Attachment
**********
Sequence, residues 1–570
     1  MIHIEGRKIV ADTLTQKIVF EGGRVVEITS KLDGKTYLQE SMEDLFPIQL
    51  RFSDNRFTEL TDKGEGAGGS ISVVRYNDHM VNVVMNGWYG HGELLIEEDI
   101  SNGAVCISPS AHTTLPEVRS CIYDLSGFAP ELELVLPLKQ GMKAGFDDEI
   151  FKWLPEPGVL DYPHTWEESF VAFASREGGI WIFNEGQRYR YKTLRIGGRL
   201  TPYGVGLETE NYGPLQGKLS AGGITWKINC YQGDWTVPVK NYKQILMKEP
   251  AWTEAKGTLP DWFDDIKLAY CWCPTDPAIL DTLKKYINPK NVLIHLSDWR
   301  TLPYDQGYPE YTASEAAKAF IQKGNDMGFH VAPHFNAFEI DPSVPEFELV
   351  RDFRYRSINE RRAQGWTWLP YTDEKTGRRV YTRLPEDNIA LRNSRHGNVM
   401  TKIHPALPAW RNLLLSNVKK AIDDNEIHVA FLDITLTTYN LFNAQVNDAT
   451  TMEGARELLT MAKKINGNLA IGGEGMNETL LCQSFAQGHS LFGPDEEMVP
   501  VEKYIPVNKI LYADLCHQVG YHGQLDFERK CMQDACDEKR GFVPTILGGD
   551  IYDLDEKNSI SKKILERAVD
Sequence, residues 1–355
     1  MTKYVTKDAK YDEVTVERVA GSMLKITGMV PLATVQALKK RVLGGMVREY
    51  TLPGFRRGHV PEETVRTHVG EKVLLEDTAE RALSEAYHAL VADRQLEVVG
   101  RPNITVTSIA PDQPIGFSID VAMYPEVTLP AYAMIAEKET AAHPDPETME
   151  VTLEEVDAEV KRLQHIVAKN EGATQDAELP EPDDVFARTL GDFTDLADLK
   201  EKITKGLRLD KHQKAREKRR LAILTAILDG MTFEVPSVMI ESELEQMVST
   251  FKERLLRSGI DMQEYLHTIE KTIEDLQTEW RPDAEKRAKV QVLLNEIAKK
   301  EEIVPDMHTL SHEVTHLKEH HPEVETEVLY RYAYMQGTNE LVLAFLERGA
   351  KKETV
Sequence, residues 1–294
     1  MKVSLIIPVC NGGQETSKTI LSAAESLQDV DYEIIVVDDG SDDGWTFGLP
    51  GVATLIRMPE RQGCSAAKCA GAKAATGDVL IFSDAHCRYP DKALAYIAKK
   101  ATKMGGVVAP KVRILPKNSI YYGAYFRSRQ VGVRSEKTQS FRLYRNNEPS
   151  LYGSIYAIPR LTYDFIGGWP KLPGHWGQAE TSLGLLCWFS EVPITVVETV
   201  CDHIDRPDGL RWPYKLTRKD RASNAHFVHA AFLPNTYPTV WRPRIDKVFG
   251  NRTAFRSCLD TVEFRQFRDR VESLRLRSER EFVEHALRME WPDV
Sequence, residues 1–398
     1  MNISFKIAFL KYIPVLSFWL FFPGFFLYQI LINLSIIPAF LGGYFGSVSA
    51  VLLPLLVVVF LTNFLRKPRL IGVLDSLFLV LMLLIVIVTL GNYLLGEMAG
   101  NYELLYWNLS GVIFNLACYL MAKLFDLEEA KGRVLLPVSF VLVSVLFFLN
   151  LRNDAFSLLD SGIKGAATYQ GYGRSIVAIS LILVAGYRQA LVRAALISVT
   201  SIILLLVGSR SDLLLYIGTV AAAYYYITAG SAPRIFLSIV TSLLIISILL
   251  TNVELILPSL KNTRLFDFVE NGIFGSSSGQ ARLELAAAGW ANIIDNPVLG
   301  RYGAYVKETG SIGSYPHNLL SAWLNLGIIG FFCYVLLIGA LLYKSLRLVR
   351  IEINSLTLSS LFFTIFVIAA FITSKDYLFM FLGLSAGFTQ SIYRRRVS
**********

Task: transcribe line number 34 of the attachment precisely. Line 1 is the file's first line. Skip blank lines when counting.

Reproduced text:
   151  LRNDAFSLLD SGIKGAATYQ GYGRSIVAIS LILVAGYRQA LVRAALISVT